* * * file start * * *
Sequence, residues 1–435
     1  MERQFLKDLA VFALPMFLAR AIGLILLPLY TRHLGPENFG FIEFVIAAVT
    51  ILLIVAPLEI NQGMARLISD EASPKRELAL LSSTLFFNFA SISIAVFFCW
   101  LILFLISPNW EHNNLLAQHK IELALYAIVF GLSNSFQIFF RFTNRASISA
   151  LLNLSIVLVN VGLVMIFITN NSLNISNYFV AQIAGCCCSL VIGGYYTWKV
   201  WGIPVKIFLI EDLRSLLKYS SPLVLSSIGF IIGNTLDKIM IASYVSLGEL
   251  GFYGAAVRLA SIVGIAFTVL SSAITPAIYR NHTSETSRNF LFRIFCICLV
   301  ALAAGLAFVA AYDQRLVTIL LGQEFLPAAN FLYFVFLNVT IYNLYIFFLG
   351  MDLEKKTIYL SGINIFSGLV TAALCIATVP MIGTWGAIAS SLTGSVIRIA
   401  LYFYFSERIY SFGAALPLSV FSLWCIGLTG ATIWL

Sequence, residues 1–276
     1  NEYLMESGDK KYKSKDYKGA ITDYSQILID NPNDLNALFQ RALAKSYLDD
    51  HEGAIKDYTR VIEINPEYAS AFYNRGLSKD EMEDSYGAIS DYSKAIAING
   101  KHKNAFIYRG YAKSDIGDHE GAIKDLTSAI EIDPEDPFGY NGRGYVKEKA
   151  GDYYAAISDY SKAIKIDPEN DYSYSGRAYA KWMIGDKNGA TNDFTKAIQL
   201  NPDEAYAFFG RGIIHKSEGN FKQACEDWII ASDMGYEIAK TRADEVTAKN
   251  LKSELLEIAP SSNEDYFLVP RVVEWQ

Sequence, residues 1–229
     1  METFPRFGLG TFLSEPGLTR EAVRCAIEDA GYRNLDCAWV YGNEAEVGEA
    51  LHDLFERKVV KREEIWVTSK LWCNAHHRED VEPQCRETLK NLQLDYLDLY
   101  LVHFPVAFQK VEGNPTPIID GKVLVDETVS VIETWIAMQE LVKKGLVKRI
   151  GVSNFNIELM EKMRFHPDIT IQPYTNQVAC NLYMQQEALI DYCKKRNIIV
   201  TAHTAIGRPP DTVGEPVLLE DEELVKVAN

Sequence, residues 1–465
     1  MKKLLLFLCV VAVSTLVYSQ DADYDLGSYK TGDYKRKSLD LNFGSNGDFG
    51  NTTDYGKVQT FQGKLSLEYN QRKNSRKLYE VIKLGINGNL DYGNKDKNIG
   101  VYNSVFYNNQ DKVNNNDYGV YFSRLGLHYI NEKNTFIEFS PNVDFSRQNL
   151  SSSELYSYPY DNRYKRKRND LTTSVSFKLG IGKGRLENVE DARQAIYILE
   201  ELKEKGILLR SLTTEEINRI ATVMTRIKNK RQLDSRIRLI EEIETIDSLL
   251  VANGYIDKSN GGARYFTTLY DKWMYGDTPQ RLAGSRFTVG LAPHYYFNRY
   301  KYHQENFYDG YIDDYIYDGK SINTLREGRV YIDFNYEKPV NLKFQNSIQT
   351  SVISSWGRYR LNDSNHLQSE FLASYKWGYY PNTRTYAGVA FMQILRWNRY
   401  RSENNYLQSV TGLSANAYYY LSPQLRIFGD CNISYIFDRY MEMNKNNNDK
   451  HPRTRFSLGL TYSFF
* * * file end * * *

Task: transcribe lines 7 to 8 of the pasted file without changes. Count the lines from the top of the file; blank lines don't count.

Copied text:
   251  GFYGAAVRLA SIVGIAFTVL SSAITPAIYR NHTSETSRNF LFRIFCICLV
   301  ALAAGLAFVA AYDQRLVTIL LGQEFLPAAN FLYFVFLNVT IYNLYIFFLG